PASS OFFENSE: B-. You know you’re in trouble when your most effective players are a pair of sophomores on the offense on a team boasting the top scoring defense in the country. Everett Golson tried his darndest to sidestep the relentless Alabama pass rush and still ended up getting knocked down twice. Once he found his groove, Golson hit TJ Jones seven times for 90 yards, DaVaris Daniels six times for 115 yards and Tyler Eifert six times for 61 yards. The downsides to Golson’s performance? He was 8-16 for 93 yards at the half and threw an interception deep in Alabama territory to open the second half. By the time he hit his stride, Notre Dame was in a 35-point hole. It’s good that Golson is only a redshirt freshman. He should be a lot of fun to watch these next few years, barring another quarterback controversy with Gunner Kiel.
RUN OFFENSE: D-. Theo Riddick had one really nice run, a 20 yard beauty that dug Notre Dame out of a rut deep in its own territory. But that was about it. Four of his 10 carries ended in one yard or less. Cierre Wood was even less effective, diving forward with the ball more often than he carried it. Riddick, Wood and the offensive line were crucial elements in a Notre Dame victory. They were supposed to provide a one-two punch. Instead, they put up their worst numbers since Michigan State in Week 3. Both tailbacks have been huge for the Irish this season, which makes their final games (though Wood hasn’t made up his mind yet) in Notre Dame uniforms all the more disappointing.
PASS DEFENSE: F. AJ McCarron’s 264 passing yards aren’t back-breaking alone. It was his four touchdowns and nearly effortless 71 percent completion rate that sank Notre Dame on Monday night. How many times were Alabama receivers wide open in the end zone? The Crimson Tide receivers burned Zeke Motta and Matthias Farley on nearly every corner route they ran. Motta himself said Notre Dame was prepared schematically and that the Irish just “needed to execute better.” That lack of execution burned up the scoreboard early and finally exposed the inexperience that everyone thought Notre Dame’s secondary had blown past. Like with Golson, I’m interested in seeing how Farley, Bennett Jackson and KeiVarae Russell shake out these next couple years.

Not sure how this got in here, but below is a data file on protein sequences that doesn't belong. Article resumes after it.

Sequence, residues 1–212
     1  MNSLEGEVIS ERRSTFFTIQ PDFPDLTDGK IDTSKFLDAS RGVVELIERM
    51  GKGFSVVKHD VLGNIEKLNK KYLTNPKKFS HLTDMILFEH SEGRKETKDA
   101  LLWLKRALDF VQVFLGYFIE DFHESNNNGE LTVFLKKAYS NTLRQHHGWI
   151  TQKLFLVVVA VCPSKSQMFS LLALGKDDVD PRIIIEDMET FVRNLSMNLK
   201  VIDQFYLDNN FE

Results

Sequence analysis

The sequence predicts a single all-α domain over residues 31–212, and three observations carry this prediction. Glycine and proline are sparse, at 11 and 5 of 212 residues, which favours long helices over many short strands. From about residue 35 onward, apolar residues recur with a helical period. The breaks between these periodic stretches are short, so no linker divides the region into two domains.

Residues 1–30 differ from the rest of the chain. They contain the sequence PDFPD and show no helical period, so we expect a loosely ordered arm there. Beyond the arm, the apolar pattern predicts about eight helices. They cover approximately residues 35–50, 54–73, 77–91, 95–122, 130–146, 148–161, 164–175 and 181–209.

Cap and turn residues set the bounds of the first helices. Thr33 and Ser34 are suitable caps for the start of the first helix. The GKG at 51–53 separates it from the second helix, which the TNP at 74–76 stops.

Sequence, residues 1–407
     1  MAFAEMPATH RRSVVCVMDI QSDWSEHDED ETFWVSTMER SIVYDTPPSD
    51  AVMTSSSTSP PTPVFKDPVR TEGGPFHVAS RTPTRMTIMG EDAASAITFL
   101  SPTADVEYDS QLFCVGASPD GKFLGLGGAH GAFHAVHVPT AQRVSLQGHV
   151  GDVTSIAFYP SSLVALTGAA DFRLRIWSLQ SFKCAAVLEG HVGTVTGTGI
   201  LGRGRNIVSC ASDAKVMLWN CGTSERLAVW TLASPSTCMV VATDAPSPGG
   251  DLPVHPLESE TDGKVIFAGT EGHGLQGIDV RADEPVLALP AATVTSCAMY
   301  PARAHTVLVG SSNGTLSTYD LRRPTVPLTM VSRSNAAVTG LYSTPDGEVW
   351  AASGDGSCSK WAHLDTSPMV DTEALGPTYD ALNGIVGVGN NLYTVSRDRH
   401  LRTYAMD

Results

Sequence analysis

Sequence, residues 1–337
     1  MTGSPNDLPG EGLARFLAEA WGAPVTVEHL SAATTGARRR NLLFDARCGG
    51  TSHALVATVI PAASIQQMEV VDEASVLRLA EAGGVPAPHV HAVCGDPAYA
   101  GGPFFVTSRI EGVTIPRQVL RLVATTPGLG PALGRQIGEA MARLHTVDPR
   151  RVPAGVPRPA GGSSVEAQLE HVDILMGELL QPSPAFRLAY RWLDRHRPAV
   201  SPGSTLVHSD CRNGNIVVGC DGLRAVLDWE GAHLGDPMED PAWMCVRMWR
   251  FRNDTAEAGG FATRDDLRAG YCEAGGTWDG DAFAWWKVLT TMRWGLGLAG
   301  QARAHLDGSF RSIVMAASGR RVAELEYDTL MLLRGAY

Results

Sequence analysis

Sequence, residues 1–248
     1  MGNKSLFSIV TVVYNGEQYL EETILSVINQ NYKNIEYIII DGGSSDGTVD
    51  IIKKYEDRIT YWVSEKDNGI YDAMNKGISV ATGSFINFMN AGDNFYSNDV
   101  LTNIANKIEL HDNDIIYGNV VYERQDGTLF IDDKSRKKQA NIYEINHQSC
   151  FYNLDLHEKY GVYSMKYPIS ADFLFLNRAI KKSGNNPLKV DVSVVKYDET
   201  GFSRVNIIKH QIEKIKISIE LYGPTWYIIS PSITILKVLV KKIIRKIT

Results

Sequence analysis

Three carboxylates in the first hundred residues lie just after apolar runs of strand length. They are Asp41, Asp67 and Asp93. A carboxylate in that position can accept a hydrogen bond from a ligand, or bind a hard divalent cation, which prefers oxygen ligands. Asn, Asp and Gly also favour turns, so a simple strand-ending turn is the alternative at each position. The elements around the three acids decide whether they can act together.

RUN DEFENSE: F. We could smell trouble early when Louis Nix jumped offsides in the opening drive of the game. Barrett Jones outplayed Nix all night, and the Notre Dame nose guard looked severely gassed by the third quarter. Notre Dame suffered a tremendous blow when it lost Kapron Lewis-Moore in the second quarter with what head coach Brian Kelly later called a “serious knee injury.” The Irish wouldn’t have been in Miami without Lewis-Moore. Eddie Lacy and TJ Yeldon were every bit the dual nightmare they were hyped up to be. Lacy’s effortless 20 carries for 140 yards and two touchdowns (one rushing, one receiving) earned him game MVP honors. When Lacy went to the sidelines, Yeldon’s mop up duty brought another 108 yards and another touchdown. This Irish defense had given up two touchdowns all year. It gave up two in the first 15:04 on Monday. It had given up 94 rushing yards a game. It gave up 265 on Monday.
SPECIAL TEAMS: D. Davonte Neal had been ineffective all year as a punt returner, but he didn’t truly hurt the Irish until tonight, when every role needed to be played nearly perfect. Neal continues to field punts with his heels pressed against the Notre Dame end zone, giving the Irish a long field instead of the 20-yard touchback. On one instance, Neal even lost the ball. Thankfully, it rolled out of bounds before Alabama could recover. Ben Turks punts were solid, but there was no Kyle Brindza to save the day with dramatic field goals. Brindza was held to just two extra points.
COACHING: D. Notre Dame was out-coached from the opening drive through the final play of the game. To Kelly’s credit, he acknowledged that his team learned what a championship team looked like: And it’s Alabama through and through. Kelly and staff have been able to pull Notre Dame out of some sticky situations throughout the year, but not against a team that plays like its in a separate solar system from Notre Dame. As disappointing as it is that Kelly couldn’t complete the “third year charm” that came with other Notre Dame coaches, Kelly should be encouraged with the level of talent returning next year.